A peptide based radio-labeled therapy is effective in decreasing tumor size and reducing the severity of side effects that accompany a cancer diagnosis, finds research published in The Journal of Nuclear Medicine. While many neuroendocrine cancers are incurable, they grow relatively slowly, and life expectancy is relatively long, making quality of life an important factor in treatment.
In particular, the study "Quality of Life in 265 Patients with Gastroenteropancreatic or Bronchial Neuroendocrine Tumors Treated with [177Lu-DOTA0,Try3]Octreotate" focused on gastroenteropancreatic or bronchial neuroendocrine tumors. These tumors are relatively rare neoplasms that derive from the neuroendocrine system; they affect approximately 1-2.5 individuals per 100,000. Since they often have unpredictable biological behavior, the time from discovery to final diagnosis of the tumors is frequently delayed.
"In patients with gastroenteropancreatic or bronchial neuroendocrine tumors, median progression-free survival after therapy with 177Lu-octreotate is 40 months. Such a survival is promising only if the years that are gained are free of serious side-effects or symptoms that affect quality of life," said Saima Khan, MD, lead author of the study. "We showed that the years gained after this therapy show an improved quality of life, as judged by the patients themselves, according to a validated questionnaire. Moreover, this type of treatment lacks most of the serious adverse events and symptoms that are typical with chemotherapeutic agents."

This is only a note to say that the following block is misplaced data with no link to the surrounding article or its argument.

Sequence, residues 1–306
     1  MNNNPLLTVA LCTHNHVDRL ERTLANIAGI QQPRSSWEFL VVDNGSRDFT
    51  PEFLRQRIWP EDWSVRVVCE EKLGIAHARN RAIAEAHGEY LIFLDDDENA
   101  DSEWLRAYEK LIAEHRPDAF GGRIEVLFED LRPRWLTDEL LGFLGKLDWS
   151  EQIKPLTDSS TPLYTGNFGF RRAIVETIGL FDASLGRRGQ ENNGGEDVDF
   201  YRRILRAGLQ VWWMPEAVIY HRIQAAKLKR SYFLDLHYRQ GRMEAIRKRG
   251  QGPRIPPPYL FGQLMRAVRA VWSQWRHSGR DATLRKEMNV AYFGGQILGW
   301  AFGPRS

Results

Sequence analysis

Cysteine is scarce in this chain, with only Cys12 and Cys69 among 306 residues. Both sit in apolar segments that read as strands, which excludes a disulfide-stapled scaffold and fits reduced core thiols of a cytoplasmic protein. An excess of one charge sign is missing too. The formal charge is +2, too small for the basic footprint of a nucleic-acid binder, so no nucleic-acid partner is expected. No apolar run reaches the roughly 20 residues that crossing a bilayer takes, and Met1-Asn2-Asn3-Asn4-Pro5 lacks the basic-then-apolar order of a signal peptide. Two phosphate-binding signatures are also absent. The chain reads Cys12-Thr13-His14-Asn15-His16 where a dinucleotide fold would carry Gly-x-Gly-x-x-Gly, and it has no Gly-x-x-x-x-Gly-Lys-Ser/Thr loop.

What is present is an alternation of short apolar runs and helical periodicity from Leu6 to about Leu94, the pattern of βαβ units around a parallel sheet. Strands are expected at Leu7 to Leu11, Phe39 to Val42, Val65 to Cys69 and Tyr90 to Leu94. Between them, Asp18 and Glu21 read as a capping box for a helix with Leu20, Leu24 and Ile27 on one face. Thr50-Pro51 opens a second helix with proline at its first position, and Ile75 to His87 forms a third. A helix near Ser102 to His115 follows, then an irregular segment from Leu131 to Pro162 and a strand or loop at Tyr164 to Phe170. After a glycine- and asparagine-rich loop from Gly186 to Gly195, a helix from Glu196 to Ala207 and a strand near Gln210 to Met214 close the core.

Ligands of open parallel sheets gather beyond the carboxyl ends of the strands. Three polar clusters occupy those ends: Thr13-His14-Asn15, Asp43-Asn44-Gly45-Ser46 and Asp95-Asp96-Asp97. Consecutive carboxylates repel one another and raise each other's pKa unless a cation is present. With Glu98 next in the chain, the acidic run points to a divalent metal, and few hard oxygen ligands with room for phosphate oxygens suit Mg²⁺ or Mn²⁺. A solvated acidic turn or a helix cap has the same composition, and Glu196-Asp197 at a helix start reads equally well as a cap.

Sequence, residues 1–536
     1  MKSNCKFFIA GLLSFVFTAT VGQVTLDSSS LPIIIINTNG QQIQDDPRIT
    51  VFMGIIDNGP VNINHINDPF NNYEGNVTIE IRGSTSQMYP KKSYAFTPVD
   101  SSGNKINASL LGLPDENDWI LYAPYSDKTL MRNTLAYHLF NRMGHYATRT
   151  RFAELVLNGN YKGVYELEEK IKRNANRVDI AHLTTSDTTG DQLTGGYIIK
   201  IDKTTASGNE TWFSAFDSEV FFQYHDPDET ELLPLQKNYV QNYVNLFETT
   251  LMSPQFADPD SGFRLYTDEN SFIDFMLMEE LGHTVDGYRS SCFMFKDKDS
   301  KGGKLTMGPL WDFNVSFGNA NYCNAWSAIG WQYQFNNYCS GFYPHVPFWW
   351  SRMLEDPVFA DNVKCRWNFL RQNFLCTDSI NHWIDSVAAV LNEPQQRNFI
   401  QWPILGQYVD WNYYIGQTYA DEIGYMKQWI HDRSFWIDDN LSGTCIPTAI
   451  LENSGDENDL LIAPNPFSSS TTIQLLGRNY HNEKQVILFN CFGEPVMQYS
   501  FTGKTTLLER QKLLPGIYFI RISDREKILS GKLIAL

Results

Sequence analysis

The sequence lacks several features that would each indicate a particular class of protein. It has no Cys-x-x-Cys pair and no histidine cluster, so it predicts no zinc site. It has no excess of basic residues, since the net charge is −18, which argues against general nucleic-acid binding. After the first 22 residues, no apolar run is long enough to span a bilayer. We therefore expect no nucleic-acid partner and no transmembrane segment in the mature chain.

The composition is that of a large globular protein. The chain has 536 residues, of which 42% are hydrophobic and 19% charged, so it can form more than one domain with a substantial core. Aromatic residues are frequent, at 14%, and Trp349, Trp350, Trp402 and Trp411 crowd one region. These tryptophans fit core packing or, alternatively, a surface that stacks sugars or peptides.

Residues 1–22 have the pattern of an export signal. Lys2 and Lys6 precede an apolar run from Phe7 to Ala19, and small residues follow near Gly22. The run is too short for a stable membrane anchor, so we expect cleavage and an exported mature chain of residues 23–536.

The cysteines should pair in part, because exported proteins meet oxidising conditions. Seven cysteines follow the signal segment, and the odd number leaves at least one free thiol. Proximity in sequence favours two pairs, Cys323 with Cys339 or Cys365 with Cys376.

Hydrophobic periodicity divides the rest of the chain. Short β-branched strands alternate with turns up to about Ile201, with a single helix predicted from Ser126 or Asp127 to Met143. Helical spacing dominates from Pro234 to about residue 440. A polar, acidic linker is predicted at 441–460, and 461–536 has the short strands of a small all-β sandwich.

For the study, 265 patients with gastroenteropancreatic or bronchial neuroendocrine tumors were treated with the radiolabeled pharmaceutical 177Lu-octreotate. Follow-up visits were scheduled at fixed time points: six weeks, three months and six months after the last treatment cycle and biannually thereafter. In addition to imaging scans and blood work, patients also completed the European Organisation for Research and Treatment of Cancer quality of life questionnaire—which measures levels of fatigue, nausea plus vomiting, pain, shortness of breath, insomnia, appetite loss, constipation and diarrhea, as well as physical, emotional, role, cognitive and social functioning—at each visit. A baseline questionnaire also was completed prior to therapy.
Computer tomography and magnetic resonance imaging were utilized to categorize tumor response into three groups—a remission group, a stable disease group and a progressive disease group. Among all groups, significant improvement in emotional and social functioning, insomnia, appetite loss and diarrhea was noted. The most important improvements, such as diarrhea, pain, nausea and vomiting, were observed in patients who had tumor regression after therapy with 177Lu-octreotate, which suggests that the improvement was a direct result of the treatment.
"It seems highly desirable that in future studies on the efficacy of antitumor agents—whether with radiopharmaceuticals or other drugs—quality of life evaluation forms be part of the evaluation of overall efficacy," noted Khan.